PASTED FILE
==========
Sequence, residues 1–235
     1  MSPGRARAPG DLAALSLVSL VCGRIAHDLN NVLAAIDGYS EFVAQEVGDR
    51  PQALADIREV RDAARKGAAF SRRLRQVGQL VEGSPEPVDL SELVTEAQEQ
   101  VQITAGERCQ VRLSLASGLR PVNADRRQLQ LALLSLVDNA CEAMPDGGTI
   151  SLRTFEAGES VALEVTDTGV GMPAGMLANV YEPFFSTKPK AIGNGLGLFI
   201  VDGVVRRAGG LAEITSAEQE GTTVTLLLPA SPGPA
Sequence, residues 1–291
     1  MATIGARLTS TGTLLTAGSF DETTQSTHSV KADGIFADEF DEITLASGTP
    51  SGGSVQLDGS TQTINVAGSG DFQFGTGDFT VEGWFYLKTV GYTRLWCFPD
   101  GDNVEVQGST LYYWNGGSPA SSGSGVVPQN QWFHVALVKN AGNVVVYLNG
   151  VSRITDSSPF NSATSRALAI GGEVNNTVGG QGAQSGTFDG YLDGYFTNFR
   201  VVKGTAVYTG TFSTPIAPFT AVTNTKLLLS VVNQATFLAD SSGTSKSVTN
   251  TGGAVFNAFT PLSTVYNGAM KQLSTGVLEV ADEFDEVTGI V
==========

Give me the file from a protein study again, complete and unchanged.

Sequence, residues 1–235
     1  MSPGRARAPG DLAALSLVSL VCGRIAHDLN NVLAAIDGYS EFVAQEVGDR
    51  PQALADIREV RDAARKGAAF SRRLRQVGQL VEGSPEPVDL SELVTEAQEQ
   101  VQITAGERCQ VRLSLASGLR PVNADRRQLQ LALLSLVDNA CEAMPDGGTI
   151  SLRTFEAGES VALEVTDTGV GMPAGMLANV YEPFFSTKPK AIGNGLGLFI
   201  VDGVVRRAGG LAEITSAEQE GTTVTLLLPA SPGPA
Sequence, residues 1–291
     1  MATIGARLTS TGTLLTAGSF DETTQSTHSV KADGIFADEF DEITLASGTP
    51  SGGSVQLDGS TQTINVAGSG DFQFGTGDFT VEGWFYLKTV GYTRLWCFPD
   101  GDNVEVQGST LYYWNGGSPA SSGSGVVPQN QWFHVALVKN AGNVVVYLNG
   151  VSRITDSSPF NSATSRALAI GGEVNNTVGG QGAQSGTFDG YLDGYFTNFR
   201  VVKGTAVYTG TFSTPIAPFT AVTNTKLLLS VVNQATFLAD SSGTSKSVTN
   251  TGGAVFNAFT PLSTVYNGAM KQLSTGVLEV ADEFDEVTGI V